Arrival at Davos

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A guest post from business author Don Tapscott:

Davos – After my wife Ana and I unpacked in our modest 3-star ski hotel we headed off to the new Davos convention center with some trepidation. The center is a maze and a big part one’s success here is logistical – just showing up at the right place at the right time.  The Davos complex has just been completely rebuilt, and we’re anxious to figure out some key issues like where is the best entrance, coat check, and how to find the dozens of venues where events occur.

The new setting is spectacular by Swiss mountain standards and, duly oriented, we head to the atrium for the familiar welcome-to-Davos cocktail reception.

However there is a simple surprise. The Forum has taken the “eat local” theme seriously and there is a delightful spread of interesting foods made from local ingredients.

We stumbled on a 10-meter cheese buffet hosted by a young man whose family has been making cheese for generations.  He personally introduced us to a dozen spectacular cheeses ranging from 5-day-old raw cheese made from raw milk to five-year-old cheese half eaten by cheese mites. Who knew that was desirable?  But don’t wait for 6 years because the mites will finish it all off.

We can’t remember a more spectacular assortment of artisan cheeses. Several of the cheeses had no names because they were experimental and “we haven’t named them yet.”

Our cheese host is thirty-years-old, proud, engaging and knowledgeable.  He sounds like he has a graduate degree from an agricultural program, but we learn that he’s “Just a cheese maker who’s carrying on our family’s tradition.”  Each of his brothers has vertical responsibilities – in charge of hard cheeses, blue cheeses, or fresh cheese.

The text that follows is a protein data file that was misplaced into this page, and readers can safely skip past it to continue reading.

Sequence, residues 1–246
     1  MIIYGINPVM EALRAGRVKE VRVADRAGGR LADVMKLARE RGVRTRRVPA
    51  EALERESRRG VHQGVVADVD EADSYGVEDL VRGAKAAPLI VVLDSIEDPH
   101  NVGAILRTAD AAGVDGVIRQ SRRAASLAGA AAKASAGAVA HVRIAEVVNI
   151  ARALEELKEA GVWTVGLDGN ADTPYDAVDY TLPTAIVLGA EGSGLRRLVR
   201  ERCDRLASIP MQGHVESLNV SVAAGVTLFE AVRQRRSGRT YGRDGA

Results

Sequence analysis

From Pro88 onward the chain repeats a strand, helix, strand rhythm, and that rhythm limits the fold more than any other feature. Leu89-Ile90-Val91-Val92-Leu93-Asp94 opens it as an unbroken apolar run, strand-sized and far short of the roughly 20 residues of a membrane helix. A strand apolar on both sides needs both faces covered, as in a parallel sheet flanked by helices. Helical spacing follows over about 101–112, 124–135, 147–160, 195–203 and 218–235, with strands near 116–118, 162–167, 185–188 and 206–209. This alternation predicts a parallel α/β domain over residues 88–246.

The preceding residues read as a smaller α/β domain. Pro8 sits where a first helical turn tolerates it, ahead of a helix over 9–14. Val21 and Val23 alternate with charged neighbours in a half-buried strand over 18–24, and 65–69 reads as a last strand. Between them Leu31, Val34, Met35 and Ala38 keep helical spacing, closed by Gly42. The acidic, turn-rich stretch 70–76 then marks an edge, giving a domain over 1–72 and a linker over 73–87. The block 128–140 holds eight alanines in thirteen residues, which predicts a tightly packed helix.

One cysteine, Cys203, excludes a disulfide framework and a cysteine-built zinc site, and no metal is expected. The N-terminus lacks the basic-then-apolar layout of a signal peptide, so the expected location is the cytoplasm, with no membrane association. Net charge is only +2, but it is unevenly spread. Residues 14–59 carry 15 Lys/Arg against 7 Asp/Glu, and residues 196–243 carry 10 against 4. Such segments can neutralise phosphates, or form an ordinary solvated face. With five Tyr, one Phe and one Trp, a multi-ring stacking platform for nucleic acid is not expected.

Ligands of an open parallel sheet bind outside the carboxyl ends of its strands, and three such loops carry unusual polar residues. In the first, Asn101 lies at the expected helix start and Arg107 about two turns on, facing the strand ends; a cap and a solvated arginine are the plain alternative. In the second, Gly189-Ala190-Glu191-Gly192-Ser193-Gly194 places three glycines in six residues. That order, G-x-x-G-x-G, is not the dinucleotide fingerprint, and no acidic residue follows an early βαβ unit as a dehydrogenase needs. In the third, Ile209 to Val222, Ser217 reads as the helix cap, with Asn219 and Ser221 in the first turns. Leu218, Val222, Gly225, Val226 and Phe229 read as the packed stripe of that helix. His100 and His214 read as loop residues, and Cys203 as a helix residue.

We head out to a very serious corporate dinner to prepare for a session in the morning, and after that stop by the Piano Bar at the Europe Hotel on the way home.  It’s an eclectic collection of skiers, boarders, CEOs, government leaders and NGO executives happily drinking wine and singing to the rock and roll sounds of  Canadian pianist and impresario Barry Colson.  As a musician I’ve played with him at the bar before, and it turns out that we haven’t lost a beat.  Our rendition of Honky Tonk Woman rocks the place. We conspire to do a session with Randi Zuckerberg (Mark’s sister) who is an amazing rock singer, for later in the week.

We leave the hotel and walk into a beautiful snowy Davos night, bumping into Randi and enlisting her for our musical event.

The snowflakes are so big that their shadows look a million small animals dancing around on the road beneath our feet.  We stop for a few minutes to watch the winter show.

It’s midnight now and I sit down in the lobby (the only place with Internet) to write this article, saying hello to various luminaries who have become friends over the years.  Across the table is Chesley “Sully” Sullenberger, the pilot who landed Flight 1549 safely on the Hudson river.  He’s checking his email and preparing for his session about Leadership Under Pressure.  I’m reminded that the pressures of my life are quite modest.

As I write this I’m cognizant that I need to get some sleep.  I’m doing a private session for Manpower with about a hundred CEOs of large companies in the morning.  The topic: How is talent changing in the global economy? Contemplating I’ll get 5 hours sleep, I’m reminded that the one part of Davos that is not pleasurable is sleep deprivation.

Don Tapscott (@dtapscott on Twitter) recently co-authored “Macrowikinomics: Rebooting Business and the World.”

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